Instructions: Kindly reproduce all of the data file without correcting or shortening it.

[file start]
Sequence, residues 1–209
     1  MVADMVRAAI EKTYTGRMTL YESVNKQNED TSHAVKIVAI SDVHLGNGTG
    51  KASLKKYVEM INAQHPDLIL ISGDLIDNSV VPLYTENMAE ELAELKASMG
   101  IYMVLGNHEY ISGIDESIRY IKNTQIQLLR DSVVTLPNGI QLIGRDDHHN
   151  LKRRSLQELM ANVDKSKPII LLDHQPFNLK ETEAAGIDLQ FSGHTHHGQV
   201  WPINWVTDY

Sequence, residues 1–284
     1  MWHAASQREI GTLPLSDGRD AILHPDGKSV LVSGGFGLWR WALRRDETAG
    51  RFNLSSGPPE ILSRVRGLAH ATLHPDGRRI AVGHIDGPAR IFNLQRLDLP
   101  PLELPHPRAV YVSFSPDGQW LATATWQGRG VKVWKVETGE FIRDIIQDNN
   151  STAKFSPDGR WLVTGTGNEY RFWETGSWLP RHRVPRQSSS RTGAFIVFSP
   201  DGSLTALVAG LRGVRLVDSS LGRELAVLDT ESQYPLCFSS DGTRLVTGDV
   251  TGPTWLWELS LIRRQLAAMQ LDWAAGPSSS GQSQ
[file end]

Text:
Sequence, residues 1–209
     1  MVADMVRAAI EKTYTGRMTL YESVNKQNED TSHAVKIVAI SDVHLGNGTG
    51  KASLKKYVEM INAQHPDLIL ISGDLIDNSV VPLYTENMAE ELAELKASMG
   101  IYMVLGNHEY ISGIDESIRY IKNTQIQLLR DSVVTLPNGI QLIGRDDHHN
   151  LKRRSLQELM ANVDKSKPII LLDHQPFNLK ETEAAGIDLQ FSGHTHHGQV
   201  WPINWVTDY

Sequence, residues 1–284
     1  MWHAASQREI GTLPLSDGRD AILHPDGKSV LVSGGFGLWR WALRRDETAG
    51  RFNLSSGPPE ILSRVRGLAH ATLHPDGRRI AVGHIDGPAR IFNLQRLDLP
   101  PLELPHPRAV YVSFSPDGQW LATATWQGRG VKVWKVETGE FIRDIIQDNN
   151  STAKFSPDGR WLVTGTGNEY RFWETGSWLP RHRVPRQSSS RTGAFIVFSP
   201  DGSLTALVAG LRGVRLVDSS LGRELAVLDT ESQYPLCFSS DGTRLVTGDV
   251  TGPTWLWELS LIRRQLAAMQ LDWAAGPSSS GQSQ